The ethanol by-product known as dried distillers grains, or DDGs, is being fed more often these days to all types of livestock. At first, it was mainly beef and dairy cattle producers that utilized the product, which is rich in protein, fiber and oil. Now more hog producers are using the product, which serves to recapture about one third of the corn that goes into making ethanol for the livestock feed market. Each bushel of grain used in the ethanol-making process produces about 18 pounds of DDGS.
Companies like Novus International are helping to increase the use of DDGs in pork production by researching how much DDGs can be included in hog rations at different ages for proper nutrition. “We’ve increased the inclusion rates of distillers from just a few years ago, somewhere around ten percent, now to 30-40 percent in some diets,” says Brad Lawrence, Technical Manager for the Novus pork business in North America.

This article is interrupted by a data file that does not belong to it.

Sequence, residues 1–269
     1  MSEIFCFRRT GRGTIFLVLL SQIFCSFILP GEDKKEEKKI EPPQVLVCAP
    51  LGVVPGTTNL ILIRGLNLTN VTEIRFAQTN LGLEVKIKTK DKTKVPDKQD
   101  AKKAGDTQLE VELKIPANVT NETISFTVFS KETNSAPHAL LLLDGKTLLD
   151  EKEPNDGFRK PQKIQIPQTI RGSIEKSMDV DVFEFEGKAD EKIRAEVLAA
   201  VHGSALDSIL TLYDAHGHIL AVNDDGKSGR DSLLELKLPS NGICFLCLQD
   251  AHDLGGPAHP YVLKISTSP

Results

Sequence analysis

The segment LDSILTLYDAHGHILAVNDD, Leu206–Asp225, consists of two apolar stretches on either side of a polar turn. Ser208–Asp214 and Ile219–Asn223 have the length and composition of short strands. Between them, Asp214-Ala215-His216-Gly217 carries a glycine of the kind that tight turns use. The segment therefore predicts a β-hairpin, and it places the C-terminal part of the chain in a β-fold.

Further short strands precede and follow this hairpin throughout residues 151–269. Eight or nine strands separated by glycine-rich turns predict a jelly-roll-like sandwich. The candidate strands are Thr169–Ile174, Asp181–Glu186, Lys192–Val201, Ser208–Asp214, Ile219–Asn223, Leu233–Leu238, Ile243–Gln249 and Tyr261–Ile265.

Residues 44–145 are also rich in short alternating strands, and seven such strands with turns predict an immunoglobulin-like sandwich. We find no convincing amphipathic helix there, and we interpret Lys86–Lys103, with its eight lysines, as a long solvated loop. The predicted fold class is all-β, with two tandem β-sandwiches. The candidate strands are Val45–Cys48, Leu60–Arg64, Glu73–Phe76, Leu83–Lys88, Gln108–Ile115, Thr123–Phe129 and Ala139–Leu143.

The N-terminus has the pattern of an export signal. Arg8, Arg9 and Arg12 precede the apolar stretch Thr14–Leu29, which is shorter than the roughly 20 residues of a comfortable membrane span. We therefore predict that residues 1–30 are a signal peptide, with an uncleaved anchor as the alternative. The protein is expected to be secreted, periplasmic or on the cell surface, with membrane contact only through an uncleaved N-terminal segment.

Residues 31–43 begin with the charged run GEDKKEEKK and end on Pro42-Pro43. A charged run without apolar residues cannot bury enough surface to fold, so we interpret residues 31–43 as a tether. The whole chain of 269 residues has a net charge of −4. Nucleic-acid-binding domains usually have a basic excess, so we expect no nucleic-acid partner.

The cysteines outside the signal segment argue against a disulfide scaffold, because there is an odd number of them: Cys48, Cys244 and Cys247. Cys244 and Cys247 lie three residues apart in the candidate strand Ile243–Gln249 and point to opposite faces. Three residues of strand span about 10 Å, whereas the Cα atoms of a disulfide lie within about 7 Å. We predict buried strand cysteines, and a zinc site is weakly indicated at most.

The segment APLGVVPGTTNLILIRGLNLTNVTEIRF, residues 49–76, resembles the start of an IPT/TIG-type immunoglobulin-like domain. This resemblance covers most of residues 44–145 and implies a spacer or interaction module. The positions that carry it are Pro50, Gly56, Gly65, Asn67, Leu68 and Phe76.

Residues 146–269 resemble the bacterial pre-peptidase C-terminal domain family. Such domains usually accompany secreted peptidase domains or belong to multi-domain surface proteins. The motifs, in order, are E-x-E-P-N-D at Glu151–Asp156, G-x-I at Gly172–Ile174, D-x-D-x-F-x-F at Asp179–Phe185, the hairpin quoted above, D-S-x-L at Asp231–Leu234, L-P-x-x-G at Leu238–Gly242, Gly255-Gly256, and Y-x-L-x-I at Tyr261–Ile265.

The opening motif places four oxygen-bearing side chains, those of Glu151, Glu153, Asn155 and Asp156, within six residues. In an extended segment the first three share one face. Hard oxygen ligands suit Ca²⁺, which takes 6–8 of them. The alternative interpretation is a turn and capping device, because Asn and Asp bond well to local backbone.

During the recent World Pork Expo in Des Moines, Lawrence said that has fundamentally changed the nutritional content of the pig’s diet, so Novus did some modeling and research and found that including oxidative balance additives in the feed helped get optimum performance from the animals. “Ethanol is here to stay,” Lawrence said. “There’s some concerns about corn availability, but as we put corn into an ethanol plant, we’re getting distillers back out. As swine nutritionists, that means we have to learn what the optimum nutritional technologies are that we can implement to get the most value out of the distillers.”
Listen to an interview with Brad Lawrence from World Pork Expo here: